“Sports injuries most often involve either significant inflammation response or mild micro-traumas,” Dr. Andrew Kerklaan of Dr. Kerklaan Therapeutics shared. “Because of CBD’s anti-inflammatory potential, it may be useful in a myriad of symptoms — from mild everyday aches and pains to minor injuries.” He also explains that CBD can help individuals recover from common injuries caused by exercise. “These will all trigger inflammatory responses and therefore CBD may have potential to help in the recovery process,” he says.

There are dozens of studies too, which tout the analgesic benefits of  cananbis and CBD. One study revealed CBD is beneficial for chronic pain while improving inflammation and sleep. In a another published in the journal Frontiers in Neurology, researchers discovered that CBD was effective in treating inflammation, reducing pain, and improving mobility in individuals with multiple sclerosis. “It is anti-inflammatory, antioxidative, antiemetic, antipsychotic, and neuroprotective,” wrote the study authors.

Topical products act faster than edibles. However, for those in serious pain, tinctures and sublingual drops are recommended since they are the quickest of all consumption methods.



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Elvis And Marijuana

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He was the king of Rock & Roll, but what about Elvis and marijuana

He changed music and had a huge impact in the industry.  He captured the emotions of a generation and lead the way for the Beatles, Queen, Sting, all the way up to Taylor Swift and Drake. He still holds the record for Most Top 40 hits at 114 total and has sold over one billion records worldwide. Elvis’s music has more than 30 million monthly Spotify listeners. In December, his music climbed to No. 1 on the Rock Streaming Songs Chart with his favorite “Blue Christmas.”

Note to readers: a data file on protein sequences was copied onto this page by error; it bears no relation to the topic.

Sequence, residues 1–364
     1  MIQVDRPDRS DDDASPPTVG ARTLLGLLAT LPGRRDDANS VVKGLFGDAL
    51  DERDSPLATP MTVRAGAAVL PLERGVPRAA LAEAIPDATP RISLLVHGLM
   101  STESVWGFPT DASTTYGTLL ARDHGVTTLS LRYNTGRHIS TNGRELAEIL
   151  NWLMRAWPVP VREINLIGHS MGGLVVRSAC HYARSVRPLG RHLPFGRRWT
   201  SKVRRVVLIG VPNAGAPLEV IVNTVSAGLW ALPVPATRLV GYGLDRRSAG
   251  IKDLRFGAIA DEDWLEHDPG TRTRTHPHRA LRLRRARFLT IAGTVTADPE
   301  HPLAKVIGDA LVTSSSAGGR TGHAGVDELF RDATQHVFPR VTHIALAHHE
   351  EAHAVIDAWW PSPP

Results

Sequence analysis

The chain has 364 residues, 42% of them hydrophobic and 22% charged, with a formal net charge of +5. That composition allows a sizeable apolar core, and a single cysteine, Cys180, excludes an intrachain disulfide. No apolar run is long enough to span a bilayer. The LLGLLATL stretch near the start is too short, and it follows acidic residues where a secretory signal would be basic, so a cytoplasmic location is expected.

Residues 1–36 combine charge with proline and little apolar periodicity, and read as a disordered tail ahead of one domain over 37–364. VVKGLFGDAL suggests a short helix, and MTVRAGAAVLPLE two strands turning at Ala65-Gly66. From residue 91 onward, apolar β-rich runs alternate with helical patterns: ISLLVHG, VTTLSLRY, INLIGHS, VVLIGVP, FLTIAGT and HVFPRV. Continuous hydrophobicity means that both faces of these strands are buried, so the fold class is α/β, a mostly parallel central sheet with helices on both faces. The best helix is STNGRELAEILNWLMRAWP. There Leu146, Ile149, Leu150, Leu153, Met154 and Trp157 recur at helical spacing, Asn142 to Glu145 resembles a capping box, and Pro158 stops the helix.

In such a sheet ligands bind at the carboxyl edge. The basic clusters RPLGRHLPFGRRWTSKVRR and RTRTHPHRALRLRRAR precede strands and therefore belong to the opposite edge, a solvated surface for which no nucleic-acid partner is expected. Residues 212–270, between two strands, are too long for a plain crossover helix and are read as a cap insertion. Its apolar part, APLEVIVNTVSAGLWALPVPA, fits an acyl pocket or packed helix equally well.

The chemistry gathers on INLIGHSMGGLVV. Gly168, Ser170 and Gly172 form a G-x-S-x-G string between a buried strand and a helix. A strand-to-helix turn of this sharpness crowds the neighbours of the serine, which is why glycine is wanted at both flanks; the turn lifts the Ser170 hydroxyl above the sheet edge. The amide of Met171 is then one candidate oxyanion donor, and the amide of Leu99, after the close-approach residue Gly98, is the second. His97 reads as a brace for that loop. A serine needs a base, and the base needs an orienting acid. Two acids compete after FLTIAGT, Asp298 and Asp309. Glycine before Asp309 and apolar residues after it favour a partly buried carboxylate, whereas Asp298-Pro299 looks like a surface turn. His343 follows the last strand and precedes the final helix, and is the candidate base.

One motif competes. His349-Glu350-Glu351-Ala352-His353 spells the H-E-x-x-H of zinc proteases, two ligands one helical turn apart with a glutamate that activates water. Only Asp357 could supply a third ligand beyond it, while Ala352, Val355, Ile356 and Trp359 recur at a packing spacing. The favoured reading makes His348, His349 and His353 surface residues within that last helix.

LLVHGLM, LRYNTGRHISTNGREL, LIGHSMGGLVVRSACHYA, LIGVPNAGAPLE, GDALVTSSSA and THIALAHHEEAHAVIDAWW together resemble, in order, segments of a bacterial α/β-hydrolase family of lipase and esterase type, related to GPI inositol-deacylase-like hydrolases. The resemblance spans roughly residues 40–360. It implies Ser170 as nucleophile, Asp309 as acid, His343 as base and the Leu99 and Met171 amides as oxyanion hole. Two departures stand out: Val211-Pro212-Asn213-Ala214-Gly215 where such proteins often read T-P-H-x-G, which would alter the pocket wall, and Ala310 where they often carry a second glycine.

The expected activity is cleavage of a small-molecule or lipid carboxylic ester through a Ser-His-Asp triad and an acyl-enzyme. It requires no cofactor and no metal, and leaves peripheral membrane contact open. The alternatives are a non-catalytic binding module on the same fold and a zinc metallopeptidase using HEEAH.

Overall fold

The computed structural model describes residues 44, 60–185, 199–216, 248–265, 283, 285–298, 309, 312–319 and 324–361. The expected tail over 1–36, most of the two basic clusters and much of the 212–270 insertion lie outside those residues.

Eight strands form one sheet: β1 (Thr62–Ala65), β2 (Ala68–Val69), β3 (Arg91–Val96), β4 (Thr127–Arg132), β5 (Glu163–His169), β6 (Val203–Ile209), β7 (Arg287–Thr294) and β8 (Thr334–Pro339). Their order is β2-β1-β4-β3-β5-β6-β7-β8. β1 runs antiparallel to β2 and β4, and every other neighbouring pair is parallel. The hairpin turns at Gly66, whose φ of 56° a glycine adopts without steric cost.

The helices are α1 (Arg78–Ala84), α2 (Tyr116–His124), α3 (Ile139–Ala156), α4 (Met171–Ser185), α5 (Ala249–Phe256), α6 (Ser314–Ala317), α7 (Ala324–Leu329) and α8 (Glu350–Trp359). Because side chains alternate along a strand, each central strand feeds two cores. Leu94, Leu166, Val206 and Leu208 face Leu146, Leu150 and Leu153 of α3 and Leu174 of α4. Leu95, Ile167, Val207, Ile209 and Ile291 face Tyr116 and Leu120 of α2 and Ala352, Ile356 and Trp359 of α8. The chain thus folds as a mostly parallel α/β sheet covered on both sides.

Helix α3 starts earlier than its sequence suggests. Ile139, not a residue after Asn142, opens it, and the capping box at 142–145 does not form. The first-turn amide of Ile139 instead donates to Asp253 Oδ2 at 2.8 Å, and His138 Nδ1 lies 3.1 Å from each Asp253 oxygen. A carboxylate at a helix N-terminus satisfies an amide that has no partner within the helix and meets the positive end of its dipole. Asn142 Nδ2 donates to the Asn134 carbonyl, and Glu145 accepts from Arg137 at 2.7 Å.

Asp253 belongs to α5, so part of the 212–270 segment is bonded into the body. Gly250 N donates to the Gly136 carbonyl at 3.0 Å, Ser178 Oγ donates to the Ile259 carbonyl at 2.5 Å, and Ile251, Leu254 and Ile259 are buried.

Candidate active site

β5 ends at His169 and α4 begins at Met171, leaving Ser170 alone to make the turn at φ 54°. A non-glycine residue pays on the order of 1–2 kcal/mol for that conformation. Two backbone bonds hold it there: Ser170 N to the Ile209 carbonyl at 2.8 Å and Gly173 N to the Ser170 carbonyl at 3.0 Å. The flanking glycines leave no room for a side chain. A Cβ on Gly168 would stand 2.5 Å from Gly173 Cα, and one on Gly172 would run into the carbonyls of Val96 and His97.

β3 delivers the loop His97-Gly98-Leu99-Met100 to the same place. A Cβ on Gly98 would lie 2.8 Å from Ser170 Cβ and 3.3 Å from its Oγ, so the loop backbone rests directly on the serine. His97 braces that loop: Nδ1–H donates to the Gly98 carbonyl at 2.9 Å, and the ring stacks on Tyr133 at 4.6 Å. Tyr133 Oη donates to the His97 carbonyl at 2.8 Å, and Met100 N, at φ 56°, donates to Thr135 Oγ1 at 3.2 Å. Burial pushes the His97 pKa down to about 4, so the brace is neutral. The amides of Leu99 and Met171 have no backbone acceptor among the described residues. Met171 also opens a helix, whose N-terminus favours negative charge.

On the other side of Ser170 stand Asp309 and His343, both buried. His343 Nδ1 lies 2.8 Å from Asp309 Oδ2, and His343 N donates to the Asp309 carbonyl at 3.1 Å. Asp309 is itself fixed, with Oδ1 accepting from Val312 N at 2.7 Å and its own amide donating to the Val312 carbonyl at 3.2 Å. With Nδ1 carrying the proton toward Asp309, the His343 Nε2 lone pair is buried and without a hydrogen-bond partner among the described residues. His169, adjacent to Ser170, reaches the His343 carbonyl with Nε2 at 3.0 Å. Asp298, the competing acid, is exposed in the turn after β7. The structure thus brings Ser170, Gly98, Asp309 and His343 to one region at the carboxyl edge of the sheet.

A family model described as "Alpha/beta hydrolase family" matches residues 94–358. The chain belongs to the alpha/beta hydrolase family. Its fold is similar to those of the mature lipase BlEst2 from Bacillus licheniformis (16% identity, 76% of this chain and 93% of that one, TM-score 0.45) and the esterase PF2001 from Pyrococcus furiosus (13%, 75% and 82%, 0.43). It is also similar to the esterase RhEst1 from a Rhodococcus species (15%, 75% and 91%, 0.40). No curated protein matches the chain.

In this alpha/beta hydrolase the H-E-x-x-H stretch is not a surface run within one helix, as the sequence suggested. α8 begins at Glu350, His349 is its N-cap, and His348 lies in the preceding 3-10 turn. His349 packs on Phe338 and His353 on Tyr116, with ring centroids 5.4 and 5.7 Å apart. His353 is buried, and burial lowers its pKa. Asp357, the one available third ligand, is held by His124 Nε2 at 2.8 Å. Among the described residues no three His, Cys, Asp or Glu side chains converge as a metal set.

RELATED: Science Says Medical Marijuana Improves Quality Of Life

But what about Elvis and marijuana? The Musican had a troubled history with drugs, but what about his relationships with cannabis?  Growing up in Tupelo, Mississippi, he was brought up in a faith background. He won three Grammy awards during this lifetime, all for gospel music. His death in 1977 shook the world.  At the time he was bloated, sad, and overusing drugs…but was marijuana in the mix?

Elvis was part of the mainstream culture, but he started the move from strait-laced to a more open mindset. His swinging hips was the first step on the path to sexual freedom and a more robust love of daily life.  But for Elvis it came at a price.  Quickly becoming an icon, he struggled with the fame, the tour, and how his image didn’t always match what he felt as his true self.

He definitely experimented with illicit drugs. Elvis and then wife Priscilla tried LSD together and spent quite a while giggling and looking at Elvis’s fish tank. But they didn’t like the after effects and didn’t try it again. In Alana Nash’s book he consumed marijuana for medicinal purposes after his eye trouble, and also probably smoked it other times. Priscilla shared he occasionally had edibles.

But his true love was legal prescription pills. When he went to the army, he was already addicted to amphetamines and later on opioids and barbiturates were added to help him sleep and come down from the amphetamines.

RELATED: 5 Morning Activities To Help You Feel Happier

Presley, with his music and dancing, represented sexual liberation. He also brought traditionally black music to the mainstream which became a thread in the civil rights movement.  Despite a conservative upbringing, he wound up opening the path for modern thinking.  While he didn’t endorse marijuana, he changed the mindset which also started a change in the way the public, especially the younger set, thought about cannabis.